Two more swimmers were apparently attacked by sharks off Long Island on Tuesday — a day after a 15-year-old surfer was bitten at a nearby beach.
Tuesday’s reported attacks both happened just before 2 p.m. about 60 miles apart from each other.
A 47-year-old man was enjoying the water at Quogue Village Beach in the Hamptons when he felt an apparent bite to his right knee, Quogue police said.
He told authorities that he did not see a shark.
Shortly after, a 49-year-old man reported that his hand was bitten while swimming at Fire Island Pines Beach — not far from where a 15-year-old boy was bitten while surfing a day earlier.
The teen was nipped on left heel and toes around 5:20 p.m. on Monday, Suffolk County police said. He swam to shore in Kismet and was aided by a good Samaritan before he was treated at a local hospital for puncture wounds.
Earlier on Tuesday, Robert Moses Beach delayed opening the water to swimmers after a school of about 50 sand sharks were spotted about 200 yards offshore around 8 a.m.
Long Island Parks Regional Director George Gorman told The Post staff monitored the school with surveillance drones for about 90 minutes before they determined the beaches were safe and opened for the day around 9:30 a.m.
The beach was closed once more after a possible shark sighting, but officials determined it was a dolphin.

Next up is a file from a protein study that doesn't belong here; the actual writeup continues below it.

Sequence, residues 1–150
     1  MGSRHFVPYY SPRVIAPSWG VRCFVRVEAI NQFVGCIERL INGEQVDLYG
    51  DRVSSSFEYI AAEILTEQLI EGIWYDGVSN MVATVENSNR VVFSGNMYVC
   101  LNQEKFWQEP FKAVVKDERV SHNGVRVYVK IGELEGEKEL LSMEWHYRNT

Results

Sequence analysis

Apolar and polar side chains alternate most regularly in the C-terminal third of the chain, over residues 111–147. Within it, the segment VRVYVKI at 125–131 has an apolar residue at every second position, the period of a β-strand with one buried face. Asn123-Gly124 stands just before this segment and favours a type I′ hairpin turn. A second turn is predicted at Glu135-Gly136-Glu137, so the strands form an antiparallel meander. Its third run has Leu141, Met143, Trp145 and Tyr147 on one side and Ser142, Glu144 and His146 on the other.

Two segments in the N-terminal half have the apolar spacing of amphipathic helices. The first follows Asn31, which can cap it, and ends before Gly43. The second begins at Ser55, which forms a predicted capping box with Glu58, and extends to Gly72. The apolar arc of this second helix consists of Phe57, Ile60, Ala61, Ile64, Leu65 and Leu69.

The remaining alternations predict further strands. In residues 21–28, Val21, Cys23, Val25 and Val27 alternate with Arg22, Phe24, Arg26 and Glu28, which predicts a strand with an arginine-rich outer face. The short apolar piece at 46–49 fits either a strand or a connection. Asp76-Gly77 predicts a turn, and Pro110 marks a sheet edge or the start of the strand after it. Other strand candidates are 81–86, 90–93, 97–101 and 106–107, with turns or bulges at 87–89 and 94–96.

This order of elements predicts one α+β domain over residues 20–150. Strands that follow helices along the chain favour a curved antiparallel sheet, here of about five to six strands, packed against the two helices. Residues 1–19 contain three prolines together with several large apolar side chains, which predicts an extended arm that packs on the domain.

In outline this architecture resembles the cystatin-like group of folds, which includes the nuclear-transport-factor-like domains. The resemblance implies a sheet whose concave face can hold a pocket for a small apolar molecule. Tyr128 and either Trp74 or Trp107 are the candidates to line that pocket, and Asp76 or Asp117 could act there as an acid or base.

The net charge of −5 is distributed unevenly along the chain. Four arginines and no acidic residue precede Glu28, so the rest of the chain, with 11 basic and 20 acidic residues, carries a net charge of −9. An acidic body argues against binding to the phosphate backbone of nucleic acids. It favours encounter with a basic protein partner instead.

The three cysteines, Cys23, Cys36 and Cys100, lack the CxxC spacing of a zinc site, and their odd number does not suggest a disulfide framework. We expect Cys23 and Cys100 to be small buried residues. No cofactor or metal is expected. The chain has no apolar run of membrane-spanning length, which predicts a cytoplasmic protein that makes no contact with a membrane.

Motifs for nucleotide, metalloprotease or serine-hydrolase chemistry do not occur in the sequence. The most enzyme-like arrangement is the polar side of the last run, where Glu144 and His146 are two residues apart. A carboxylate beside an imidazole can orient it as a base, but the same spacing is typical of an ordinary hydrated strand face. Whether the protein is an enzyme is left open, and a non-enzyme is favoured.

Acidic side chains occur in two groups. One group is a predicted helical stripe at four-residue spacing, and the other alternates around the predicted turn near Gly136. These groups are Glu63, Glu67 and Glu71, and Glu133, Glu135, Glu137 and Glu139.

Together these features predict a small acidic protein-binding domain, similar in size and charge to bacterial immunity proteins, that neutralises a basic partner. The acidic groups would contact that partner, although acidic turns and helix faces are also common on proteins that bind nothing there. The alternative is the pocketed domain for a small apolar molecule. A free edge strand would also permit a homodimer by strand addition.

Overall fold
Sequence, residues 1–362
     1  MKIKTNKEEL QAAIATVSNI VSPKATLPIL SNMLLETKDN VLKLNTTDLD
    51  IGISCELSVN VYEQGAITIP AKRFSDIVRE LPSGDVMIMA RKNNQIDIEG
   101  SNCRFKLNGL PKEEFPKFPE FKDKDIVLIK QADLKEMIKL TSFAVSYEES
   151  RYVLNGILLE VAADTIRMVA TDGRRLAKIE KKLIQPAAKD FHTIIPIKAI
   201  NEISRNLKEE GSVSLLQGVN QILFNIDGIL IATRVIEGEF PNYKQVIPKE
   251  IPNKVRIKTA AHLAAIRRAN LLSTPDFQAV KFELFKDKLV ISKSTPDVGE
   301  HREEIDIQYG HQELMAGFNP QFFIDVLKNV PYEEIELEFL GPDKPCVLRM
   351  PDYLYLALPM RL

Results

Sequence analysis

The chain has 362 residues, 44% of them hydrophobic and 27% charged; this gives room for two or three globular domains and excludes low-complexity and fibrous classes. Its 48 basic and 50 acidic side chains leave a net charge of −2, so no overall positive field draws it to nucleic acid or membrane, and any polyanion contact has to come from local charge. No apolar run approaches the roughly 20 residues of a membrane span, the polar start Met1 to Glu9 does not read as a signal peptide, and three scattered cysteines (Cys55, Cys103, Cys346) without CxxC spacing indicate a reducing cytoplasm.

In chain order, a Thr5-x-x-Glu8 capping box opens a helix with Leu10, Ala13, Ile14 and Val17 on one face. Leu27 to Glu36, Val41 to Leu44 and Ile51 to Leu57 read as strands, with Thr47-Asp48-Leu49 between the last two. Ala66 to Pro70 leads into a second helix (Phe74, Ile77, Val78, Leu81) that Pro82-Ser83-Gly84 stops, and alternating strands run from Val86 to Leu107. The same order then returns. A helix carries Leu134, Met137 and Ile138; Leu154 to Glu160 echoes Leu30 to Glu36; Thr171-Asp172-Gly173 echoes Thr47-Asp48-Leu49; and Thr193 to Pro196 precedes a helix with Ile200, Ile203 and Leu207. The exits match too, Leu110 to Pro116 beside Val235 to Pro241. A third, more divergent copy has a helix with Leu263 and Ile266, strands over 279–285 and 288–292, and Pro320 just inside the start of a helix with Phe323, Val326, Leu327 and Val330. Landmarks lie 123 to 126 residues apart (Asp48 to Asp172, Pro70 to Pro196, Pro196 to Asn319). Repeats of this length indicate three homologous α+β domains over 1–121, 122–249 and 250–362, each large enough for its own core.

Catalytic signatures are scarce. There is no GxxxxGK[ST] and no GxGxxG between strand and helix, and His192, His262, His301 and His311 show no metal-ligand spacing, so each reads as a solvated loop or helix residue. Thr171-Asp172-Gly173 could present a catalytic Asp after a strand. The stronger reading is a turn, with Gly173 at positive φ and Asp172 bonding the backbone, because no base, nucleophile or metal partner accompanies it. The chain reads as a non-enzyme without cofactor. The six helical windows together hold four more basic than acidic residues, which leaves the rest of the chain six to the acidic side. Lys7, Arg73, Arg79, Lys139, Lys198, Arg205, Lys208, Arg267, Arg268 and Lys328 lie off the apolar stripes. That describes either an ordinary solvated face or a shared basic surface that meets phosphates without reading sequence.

On Monday, a 15-year-old girl was possibly bit while swimming off Robert Moses Beach around 1:45 p.m.
She was treated for small puncture wounds on her left leg. At the time, lifeguards searched for sharks using drones but did not locate any.
“She didn’t see what bit her, the lifeguards didn’t know what bit her, the drone operator checked the area, we didn’t see,” Gorman said. “So we can’t definitively say what bit her.”
Authorities have confirmed that the teenage surfer bit off Fire Island on Monday was attacked by some kind of shark — the first confirmed shark attack of 2023, after an alarming six people reported being bitten off Long Island in 2022.
In response to the surge in attacks, Gov. Kathy Hochul announced in May that 10 new shark-spotting drones had been purchased so Long Island police and park officials can monitor the beaches from the air.
Parks officials have used the technology to scout out the waters for sharks before revelers flock to the beaches.
With Post wires